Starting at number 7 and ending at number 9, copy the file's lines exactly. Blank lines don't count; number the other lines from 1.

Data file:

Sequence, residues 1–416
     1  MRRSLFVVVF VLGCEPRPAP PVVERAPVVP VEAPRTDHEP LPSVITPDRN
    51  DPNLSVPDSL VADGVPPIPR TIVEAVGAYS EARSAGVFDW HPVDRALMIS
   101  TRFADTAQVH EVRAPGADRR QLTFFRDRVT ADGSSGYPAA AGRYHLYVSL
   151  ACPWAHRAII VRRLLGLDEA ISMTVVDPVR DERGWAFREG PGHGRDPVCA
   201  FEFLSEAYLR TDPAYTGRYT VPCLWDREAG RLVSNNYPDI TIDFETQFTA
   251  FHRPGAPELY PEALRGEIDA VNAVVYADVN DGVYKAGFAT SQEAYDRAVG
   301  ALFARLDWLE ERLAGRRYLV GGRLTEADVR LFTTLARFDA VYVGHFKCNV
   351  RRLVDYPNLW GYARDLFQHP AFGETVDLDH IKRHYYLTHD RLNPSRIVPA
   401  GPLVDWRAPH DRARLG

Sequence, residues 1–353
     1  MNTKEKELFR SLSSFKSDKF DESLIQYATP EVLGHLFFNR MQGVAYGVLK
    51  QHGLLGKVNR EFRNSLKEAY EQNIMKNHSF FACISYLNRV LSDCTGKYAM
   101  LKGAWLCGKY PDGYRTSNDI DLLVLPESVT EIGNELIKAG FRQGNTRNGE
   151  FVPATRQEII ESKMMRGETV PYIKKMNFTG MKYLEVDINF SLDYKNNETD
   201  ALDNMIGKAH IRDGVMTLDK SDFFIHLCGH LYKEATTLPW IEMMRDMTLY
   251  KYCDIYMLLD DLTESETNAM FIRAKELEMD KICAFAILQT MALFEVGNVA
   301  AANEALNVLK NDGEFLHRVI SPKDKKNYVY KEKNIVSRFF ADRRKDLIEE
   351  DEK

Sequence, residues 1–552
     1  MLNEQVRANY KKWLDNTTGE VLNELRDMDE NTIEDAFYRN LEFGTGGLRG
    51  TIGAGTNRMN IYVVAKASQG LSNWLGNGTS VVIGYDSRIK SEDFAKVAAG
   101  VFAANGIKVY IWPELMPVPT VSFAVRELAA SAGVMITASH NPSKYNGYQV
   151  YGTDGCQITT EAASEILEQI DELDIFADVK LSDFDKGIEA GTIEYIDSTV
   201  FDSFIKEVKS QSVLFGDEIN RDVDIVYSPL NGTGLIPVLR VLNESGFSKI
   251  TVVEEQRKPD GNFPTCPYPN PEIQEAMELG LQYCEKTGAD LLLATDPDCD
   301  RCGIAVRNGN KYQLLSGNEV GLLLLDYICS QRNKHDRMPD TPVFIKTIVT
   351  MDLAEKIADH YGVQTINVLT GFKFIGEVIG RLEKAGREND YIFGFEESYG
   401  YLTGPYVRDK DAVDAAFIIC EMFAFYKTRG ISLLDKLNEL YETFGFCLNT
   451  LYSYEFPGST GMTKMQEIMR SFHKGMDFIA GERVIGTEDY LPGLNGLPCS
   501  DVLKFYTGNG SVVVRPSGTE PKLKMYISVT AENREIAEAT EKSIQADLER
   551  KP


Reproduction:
   251  FHRPGAPELY PEALRGEIDA VNAVVYADVN DGVYKAGFAT SQEAYDRAVG
   301  ALFARLDWLE ERLAGRRYLV GGRLTEADVR LFTTLARFDA VYVGHFKCNV
   351  RRLVDYPNLW GYARDLFQHP AFGETVDLDH IKRHYYLTHD RLNPSRIVPA